Tuesday, April 17, 2007

News round-up for the 10th

The Lenoir Topic-News has the sad story of the good life and recent death in Iraq of 29-year-old Granite Falls native Sgt Robby Bowman.

Let's always keep in mind the Robby Bowmans, his fellow fallen comrades, the injured, their families and friends, as well as the innocent citizens of Iraq. They are why we keep up this fight against the current American fiasco of an administration. This is what drives us to get political war-loving hacks like Pat McHenry out of office. May our work bring honor Robby Bowman and all the soldiers formerly and currently fighting in our names in Iraq and Afghanistan.

New Real Estate tax proposed

State Senate bill S1516 provides for county commissioners to have the option of levying a 1% land transfer tax through the referendum process.

The North Carolina Association of County Commissioners loves the idea.
The property tax base is not growing fast enough to keep pace with the demands caused by the state’s rapidly growing population. As an example, North Carolina county Medicaid costs are increasing at nearly 10 percent annually, while the property tax base – the only source of revenue that county boards of commissioners have the authority to increase – is growing at less than 7.5 percent annually.
So who's against this? Well realtors for one.
“They’ve got their budgeting priorities out of whack.” – Tim Kent, executive vice president of the North Carolina Association of Realtors, on why counties are struggling to deal with the state’s rapid growth.
As always, be sure to let your legislators know what you think.

Mental Health hearing proposed for next week

As always, Screwy Hoolie at Scrutiny Hooligans has the latest on the state-created mental health funding disaster.

One-stop voting bill advances

Kudos to 10th district co-sponors Bob England, Cullie Tarleton, and Ray Warren (among others) who are sponsoring House Bill 91, that provides for in-person registration at absentee voting sites. How great is that? No excuses now. This is definitely for all of you great people who make thousands of GOTV calls, only to find out the person who would vote your way isn't registered and the deadline has passed.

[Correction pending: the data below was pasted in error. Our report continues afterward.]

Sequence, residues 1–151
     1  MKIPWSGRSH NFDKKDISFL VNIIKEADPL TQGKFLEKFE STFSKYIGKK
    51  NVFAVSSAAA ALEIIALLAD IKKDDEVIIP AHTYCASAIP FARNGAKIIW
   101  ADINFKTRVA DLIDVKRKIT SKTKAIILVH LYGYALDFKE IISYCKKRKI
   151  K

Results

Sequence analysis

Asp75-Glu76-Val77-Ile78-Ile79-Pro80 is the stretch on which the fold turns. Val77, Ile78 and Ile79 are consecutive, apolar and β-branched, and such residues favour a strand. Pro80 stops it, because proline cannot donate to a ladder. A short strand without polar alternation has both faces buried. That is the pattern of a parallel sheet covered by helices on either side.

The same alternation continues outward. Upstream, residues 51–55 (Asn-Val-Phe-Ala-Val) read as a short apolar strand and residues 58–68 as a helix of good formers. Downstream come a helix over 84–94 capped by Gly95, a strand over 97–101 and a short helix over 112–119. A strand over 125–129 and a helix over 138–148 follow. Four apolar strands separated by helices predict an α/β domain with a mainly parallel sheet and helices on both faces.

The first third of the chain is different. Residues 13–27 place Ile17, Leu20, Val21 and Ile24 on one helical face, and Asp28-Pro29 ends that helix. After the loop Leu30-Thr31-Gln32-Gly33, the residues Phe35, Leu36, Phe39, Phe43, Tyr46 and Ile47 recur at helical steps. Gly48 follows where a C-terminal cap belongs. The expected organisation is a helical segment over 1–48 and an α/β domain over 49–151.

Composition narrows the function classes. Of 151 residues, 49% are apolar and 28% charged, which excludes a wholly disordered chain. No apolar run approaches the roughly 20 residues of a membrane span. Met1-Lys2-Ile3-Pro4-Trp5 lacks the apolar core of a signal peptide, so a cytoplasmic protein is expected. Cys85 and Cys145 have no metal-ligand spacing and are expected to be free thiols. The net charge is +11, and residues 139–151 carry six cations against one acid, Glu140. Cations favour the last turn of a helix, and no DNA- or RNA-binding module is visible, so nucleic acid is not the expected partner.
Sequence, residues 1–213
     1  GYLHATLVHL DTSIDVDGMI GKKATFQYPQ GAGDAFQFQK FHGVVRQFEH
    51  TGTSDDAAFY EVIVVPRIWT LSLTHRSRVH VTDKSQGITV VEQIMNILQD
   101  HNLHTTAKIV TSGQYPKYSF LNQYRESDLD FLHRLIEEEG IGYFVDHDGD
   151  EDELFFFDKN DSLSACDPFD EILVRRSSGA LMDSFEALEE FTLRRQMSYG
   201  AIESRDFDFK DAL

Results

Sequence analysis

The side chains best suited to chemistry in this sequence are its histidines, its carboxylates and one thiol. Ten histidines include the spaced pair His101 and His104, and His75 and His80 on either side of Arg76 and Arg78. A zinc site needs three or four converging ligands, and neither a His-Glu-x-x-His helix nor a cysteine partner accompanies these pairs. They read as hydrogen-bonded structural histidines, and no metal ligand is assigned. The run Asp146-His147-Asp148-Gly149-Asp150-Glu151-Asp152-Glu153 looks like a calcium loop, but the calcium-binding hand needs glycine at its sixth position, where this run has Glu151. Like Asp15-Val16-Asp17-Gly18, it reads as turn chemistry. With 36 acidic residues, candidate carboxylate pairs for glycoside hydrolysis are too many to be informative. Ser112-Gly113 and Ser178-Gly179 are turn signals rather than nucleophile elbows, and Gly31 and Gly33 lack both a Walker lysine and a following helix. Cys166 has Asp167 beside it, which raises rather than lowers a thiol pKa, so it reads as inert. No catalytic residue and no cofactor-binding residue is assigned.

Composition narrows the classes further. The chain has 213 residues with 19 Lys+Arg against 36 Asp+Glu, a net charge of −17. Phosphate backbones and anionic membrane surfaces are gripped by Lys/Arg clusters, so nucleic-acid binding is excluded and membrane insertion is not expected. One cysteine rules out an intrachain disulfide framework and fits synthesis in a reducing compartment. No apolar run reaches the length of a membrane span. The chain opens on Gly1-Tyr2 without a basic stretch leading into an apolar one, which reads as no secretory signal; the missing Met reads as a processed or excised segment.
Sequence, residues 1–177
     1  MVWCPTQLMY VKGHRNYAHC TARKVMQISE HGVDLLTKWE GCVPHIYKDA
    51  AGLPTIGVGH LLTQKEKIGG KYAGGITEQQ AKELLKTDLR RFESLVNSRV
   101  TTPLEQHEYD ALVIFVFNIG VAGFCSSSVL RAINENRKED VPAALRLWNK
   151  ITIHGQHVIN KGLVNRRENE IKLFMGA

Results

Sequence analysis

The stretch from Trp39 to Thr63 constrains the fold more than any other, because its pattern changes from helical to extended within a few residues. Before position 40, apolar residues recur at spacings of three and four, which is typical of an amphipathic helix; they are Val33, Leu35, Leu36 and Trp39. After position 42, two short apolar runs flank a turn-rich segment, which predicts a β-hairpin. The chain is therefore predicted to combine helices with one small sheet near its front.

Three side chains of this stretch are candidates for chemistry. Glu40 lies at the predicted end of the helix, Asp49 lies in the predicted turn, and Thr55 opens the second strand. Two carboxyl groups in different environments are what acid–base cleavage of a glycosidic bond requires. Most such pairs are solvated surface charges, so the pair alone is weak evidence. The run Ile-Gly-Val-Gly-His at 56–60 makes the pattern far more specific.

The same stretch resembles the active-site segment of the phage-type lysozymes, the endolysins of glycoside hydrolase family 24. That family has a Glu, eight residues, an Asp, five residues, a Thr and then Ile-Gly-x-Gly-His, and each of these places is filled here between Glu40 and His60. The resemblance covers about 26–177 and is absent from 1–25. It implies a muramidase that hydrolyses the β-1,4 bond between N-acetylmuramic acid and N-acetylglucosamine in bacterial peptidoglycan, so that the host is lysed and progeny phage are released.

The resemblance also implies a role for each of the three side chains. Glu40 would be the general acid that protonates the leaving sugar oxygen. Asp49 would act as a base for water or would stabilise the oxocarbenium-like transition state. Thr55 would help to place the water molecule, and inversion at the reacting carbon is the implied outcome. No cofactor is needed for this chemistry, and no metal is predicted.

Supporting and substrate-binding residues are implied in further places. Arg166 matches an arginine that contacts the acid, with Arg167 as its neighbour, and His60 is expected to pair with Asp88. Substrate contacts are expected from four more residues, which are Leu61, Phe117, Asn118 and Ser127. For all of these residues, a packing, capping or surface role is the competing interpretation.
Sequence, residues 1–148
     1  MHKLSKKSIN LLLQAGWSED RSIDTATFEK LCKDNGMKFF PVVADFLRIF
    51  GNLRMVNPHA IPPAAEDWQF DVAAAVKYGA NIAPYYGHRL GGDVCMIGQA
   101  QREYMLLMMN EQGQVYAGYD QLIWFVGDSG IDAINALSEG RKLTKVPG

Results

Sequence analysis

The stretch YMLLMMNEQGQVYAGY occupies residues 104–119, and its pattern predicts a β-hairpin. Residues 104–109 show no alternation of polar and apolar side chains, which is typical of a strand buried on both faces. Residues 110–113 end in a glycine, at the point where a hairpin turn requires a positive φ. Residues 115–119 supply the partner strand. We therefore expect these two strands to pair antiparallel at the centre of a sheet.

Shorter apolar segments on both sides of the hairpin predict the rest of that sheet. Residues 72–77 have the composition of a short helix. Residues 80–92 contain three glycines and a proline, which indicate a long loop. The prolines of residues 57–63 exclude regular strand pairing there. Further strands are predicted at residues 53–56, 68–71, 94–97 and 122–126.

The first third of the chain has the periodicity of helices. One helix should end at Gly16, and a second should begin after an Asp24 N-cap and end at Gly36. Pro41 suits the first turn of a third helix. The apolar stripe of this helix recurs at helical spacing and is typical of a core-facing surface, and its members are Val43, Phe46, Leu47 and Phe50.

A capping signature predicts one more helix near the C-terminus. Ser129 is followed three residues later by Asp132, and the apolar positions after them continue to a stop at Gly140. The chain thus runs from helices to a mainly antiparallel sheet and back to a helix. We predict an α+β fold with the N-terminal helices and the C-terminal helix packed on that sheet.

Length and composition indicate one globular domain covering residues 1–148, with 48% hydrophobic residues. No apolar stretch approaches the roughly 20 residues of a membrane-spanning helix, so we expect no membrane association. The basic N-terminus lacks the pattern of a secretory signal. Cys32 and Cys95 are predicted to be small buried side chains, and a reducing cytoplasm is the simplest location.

Here's Andrew Jackson Democrats arguments for it:
an important step forward in opening up its elections to all eligible citizens.
Here's the Republicans arguments that the bill is dubious.
“Senate Bill 195 and House Bill 91 ‘proof of residency’ requirements are simply not enough to protect the integrity of our voting system. Potential voter fraud is a serious problem and needs to be addressed seriously,” says NCGOP Chairman Linda Daves.
Of course, the Republicans should know. They got burned in 04 when popular Catawba County Sheriff lost by 85 votes to political hack Patrick McHenry. At the time and since, McHenry has been repeatedly accused by his own kind of registering dozens of out-of-state Young Republican college students.

Potential lawsuit against the Google agreement

Jonathan Cox at the Raleigh News & Observer writes that Bob Orr of the NC Institute for Constitutional Law is investigating the option of suing the state for the perks given to Google for their plant in Caldwell County.
At issue is language approved by the General Assembly last year that excused Google from paying sales taxes on electricity and equipment. Because of the provision, the company, which in January agreed to build a data center in Caldwell County that could employ 210, could save as much as $90 million over three decades.
The institute had also sued over incentives given Dell in Winston-Salem. The suit was thrown out of superior court.
Orr, who is running for governor and plans to resign from the institute this month, said the suit will challenge the constitutionality of the exemption. He said the measure is illegal because it gave special treatment to one company, "which would seem to run counter to the fact that there be uniformity in the tax law." The suit could be filed by month's end, he said. Officials with the state Department of Commerce and attorney general's office declined to comment.

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